Naturally my body takes a period once every six months ago or so. I started taking the pill to keep myself going once a month, or if I did the taking two packs to skip a period I ended up with two months worth of symptoms. Twice the cramps, twice the upset stomach.

    So I stopped taking them a couple months ago, because I came to the realisation that I do not like having my period. It’s gross, smelly, makes me break out in spots and pads are bad for the environment and my sex drive became so low I think I was getting depressed about it.

    Not only that but the pill increases the chance of breast cancer and blood clots forming in the vein. 

    Blood clots, yes. Breast cancer… yes and no. From cancer.gov:

    A woman’s risk of developing breast cancer depends on several factors, some of which are related to her natural hormones. … A 1996 analysis of worldwide epidemiologic data conducted by the Collaborative Group on Hormonal Factors in Breast Cancer found that women who were current or recent users of birth control pills had a slightly elevated risk of developing breast cancer. The risk was highest for women who started using OCs as teenagers. However, 10 or more years after women stopped using OCs, their risk of developing breast cancer returned to the same level as if they had never used birth control pills… In addition, breast cancers diagnosed in women after 10 or more years of not using OCs were less advanced than breast cancers diagnosed in women who had never used OCs.

    The studies linking the pill to breast cancer also sometimes contradict each other; some saying there is a link, and others saying there isn’t. Oral contraceptives actually decrease the risk in developing ovarian and cervical cancers, though, and increase the risk of liver cancer.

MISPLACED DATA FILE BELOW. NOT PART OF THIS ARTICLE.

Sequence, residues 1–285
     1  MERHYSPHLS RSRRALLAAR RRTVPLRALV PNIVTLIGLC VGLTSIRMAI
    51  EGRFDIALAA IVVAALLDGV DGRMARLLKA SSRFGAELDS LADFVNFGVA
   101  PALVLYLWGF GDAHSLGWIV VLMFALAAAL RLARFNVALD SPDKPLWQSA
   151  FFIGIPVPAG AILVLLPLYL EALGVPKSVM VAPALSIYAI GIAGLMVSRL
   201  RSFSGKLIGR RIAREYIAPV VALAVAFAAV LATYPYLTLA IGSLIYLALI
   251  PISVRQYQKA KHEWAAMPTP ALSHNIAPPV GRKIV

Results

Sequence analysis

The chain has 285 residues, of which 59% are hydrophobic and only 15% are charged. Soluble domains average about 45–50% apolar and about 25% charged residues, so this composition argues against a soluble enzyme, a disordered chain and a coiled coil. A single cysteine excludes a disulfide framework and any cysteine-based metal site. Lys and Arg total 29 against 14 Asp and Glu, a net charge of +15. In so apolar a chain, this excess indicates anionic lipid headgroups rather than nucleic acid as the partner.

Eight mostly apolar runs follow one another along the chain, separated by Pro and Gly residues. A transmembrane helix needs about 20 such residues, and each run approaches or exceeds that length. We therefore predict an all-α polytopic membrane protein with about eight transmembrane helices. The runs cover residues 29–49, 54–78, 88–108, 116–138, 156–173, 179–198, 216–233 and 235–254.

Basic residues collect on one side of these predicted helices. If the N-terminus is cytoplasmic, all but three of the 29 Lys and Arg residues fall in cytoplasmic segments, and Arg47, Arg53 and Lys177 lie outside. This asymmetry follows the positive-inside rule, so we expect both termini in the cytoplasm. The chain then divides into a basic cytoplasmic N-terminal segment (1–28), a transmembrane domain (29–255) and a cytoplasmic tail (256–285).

So for somebody like me, who runs a 45% risk of having my endo grow back in the year post-surgery (only to have that percentage go up every year afterward), this is like… not taking my Lipitor to help keep my high cholesterol at bay.

    So really, it all depends on your body chemistry and your personal circumstances. But the continuous pill regimen thing really does need to get out more.

    — 2 years ago with 37 notes
    #birth control  #oral contraceptive  #medicine  #health 
    First period in a few years. Wow how did I do this every month?

    I just want to lay in bed with a heating pad and wear several layers of pajamas and sweatshirts.

    Continuous BC is the shit, just don’t forget to take 2 pills in a row over the course of a couple days otherwise you’ll get period’d.

    Oh? You didn’t know you can skip your placebo/blank pills and take your hormone pills every day to avoid periods altogether instead?

    Well, FYI, you can, and I’m sure there are plenty of non-medical reasons why this isn’t common knowledge. Here’s a link to the wikipedia article about it. It’s quite unfortunate that most doctors and other sources of legitimate information about contraception methods completely omit this when discussion options, but hopefully it will catch on. Granted, nobody knows what the long-term side effects are, but I don’t know how missing out on a few days of no hormones would be worse than going through with the regular routine and getting a fake period. Aside from that, there just seems to be a lot of cultural suspicion about women not having periods… period, and I’m sure that has a lot to do with why this is so hush-hush.

    — 2 years ago with 37 notes
    #birth control  #oral contraception  #medicine  #health 
    "A great effort has been made to make condoms more pleasurable for men, but you don’t hear about this same effort going toward reducing the negative impact of contraception on women’s sexual functioning."

    Nicole Smith, lead researcher on an Indiana University study that examines the sexual side effects of all hormonal forms of birth control. (via newsweek)

    This is relevant to… keeping me from going under the knife again soon.

    (via fuckyeahfeminists)

    — 2 years ago with 397 notes
    #birth control  #contraception  #women's health  #sexuality